I'm an author of children's and young adult literature, and a member of the Society of Children's Book Writers and Illustrators. I received my MFA in Creative Writing, with a concentration in Writing for Children and Young People, from Lesley University in 2014. My historical fiction novel, LEAVING KENT STATE, is now available from Harvard Square Editions through bookstores everywhere.
I’m feeling a little Olympic today, as yesterday it was announced that Leaving Kent State has won a 2017 Moonbeam Children’s Award Gold Medal in the Young Adult Historical Fiction category. Independent Publisher magazine runs the awards, which are “intended to … Continue reading →
YA Romance– For several years now, I’ve been hearing a lot of chatter about YA romance, as if the whole idea of romance is undesirable. Romance has become that thing, the guilty pleasure that no one wants to admit they like … Continue reading →
I will be participating in the Beaver County Bookfest on Saturday, September 9, 2017, from 9:00 a.m. to 4:00 p.m. (1600 for you military types). I’m looking forward to meeting book lovers from the region and see my good friends, authors Stephanie Keyes and Joshua David Bellin. I hope to see you there!
I will also, along with my usual partners in crime, Stephanie and Josh, be presenting in a workshop from our wonderful Western Pennsylvania SCBWI (Society of Children’s Book Writers and Illustrators). Along with author Leah Pileggi, each of us will be presenting for an hour on different areas to hone your manuscript during revision. I will be speaking on the neuroscience of how our brains react to fiction, and what authors should do to maximize the brain’s ability to engage with story. The workshop will be held on the campus of Carnegie Mellon University on Saturday, September 23, 2017. For more information, visit Honing Your Manuscript and Heading to Success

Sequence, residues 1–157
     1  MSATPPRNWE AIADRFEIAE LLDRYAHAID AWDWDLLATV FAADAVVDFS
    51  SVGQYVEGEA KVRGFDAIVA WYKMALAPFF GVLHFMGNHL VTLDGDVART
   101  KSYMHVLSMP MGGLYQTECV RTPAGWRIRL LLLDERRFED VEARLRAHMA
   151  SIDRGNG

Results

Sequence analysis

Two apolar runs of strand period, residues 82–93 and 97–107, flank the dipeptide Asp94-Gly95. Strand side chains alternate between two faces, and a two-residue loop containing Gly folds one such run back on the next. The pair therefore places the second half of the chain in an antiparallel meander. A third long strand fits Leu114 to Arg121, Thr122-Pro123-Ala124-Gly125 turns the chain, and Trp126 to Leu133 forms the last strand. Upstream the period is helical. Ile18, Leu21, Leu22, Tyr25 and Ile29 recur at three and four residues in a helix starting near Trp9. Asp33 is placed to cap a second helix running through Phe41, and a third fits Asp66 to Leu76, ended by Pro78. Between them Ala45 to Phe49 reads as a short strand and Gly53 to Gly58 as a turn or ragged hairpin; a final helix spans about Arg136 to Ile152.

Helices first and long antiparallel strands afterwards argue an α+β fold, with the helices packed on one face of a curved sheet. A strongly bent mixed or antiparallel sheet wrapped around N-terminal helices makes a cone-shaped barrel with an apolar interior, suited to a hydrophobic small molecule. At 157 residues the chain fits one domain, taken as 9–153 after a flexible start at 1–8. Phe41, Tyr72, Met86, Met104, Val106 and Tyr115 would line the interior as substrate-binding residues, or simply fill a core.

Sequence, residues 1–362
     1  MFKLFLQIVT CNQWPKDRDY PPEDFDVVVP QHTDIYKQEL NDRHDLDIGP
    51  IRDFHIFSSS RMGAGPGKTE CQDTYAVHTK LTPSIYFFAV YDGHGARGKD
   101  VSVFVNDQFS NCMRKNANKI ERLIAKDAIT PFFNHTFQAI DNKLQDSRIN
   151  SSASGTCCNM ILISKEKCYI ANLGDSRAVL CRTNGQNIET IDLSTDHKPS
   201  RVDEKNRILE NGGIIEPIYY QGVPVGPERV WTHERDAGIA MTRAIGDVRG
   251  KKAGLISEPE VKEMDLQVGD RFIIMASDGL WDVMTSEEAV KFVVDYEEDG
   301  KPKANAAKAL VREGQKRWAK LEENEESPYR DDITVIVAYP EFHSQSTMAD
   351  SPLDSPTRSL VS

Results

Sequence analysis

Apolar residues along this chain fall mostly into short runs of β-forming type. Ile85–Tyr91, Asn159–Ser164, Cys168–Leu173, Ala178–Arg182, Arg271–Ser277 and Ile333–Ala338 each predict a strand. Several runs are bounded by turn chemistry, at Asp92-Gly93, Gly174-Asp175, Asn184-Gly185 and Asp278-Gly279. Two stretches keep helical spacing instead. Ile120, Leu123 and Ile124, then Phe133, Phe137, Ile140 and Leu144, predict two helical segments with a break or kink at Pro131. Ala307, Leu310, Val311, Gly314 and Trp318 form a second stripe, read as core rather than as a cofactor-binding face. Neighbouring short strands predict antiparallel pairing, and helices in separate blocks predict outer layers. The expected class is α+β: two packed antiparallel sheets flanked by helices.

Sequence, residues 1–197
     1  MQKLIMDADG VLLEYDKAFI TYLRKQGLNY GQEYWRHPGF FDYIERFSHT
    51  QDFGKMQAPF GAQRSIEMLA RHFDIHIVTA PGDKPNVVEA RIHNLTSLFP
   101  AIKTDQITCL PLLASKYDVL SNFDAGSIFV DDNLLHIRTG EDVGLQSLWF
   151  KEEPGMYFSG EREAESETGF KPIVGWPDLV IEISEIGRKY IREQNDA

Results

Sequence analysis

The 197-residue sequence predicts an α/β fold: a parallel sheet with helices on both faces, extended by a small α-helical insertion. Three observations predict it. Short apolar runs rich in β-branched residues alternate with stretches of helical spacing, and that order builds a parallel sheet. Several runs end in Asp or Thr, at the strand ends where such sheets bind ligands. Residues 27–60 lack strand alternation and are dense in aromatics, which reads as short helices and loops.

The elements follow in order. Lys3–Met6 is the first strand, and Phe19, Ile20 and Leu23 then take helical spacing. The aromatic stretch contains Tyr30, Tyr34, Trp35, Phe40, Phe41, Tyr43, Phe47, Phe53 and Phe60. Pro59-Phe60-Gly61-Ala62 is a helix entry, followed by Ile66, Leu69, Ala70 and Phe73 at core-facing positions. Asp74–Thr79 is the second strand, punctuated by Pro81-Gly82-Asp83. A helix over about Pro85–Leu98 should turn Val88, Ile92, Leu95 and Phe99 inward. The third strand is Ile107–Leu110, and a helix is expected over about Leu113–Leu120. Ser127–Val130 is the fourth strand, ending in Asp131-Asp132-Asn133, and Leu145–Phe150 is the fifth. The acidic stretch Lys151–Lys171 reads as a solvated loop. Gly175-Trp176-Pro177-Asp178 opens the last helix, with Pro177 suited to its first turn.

I have a new poem in the war issue of The Pedestal Magazine. This is a poem based on a true story. My dad really did find a dog in the Philippines and he really did name her Zero. He writes about her in his letters home, and, when he lost her as he did in the poem, he and a guy named Whit from his unit buried her. Then, one day as they were passing her grave, they put flowers on it for her. That pretty much says everything you need to say, I think, about the young men we sent to the Great War.
This morning, Thomas L. Friedman had a truly insightful piece in The New York Times asking Where Did ‘We the People’ Go? In it, Friedman quotes his former teacher and friend, Dov Seidman, who states that “What makes us Americans … Continue reading →
Our children take us places we can’t envision when they are a bundle of cells commingling with our own. When we feel them kick inside of us for the first time, we think only of the wonder of life, so … Continue reading →
I’ll be signing books at the Kent State University bookstore on Thursday, May 4th, from 10:00-11:00, as part of the annual KSU memorial ceremony. The campus bookstore will be carrying Leaving Kent State, so you can stop by and pick up a copy there if you don’t make it to the signing. I will sign all the copies they have in stock before I leave!
KSU now has a small museum open to the public in Taylor Hall that is really interesting, so don’t forget to stop there if you will be on campus. They have some interesting photos of Kent and the era, as well as a short video on the tragedy. Also, for you super history buffs, there is an online oral history project that you can access online. It’s a fascinating look at the day from various perspectives and is available here.
Thanks for your interest in Leaving Kent State and happy reading!
Radical acceptance is the psychological term for learning to live with sorrow we cannot change. It’s not a new concept, and it’s only slightly less trite, perhaps, than the famous 1970s prayer asking for the courage to change that which … Continue reading →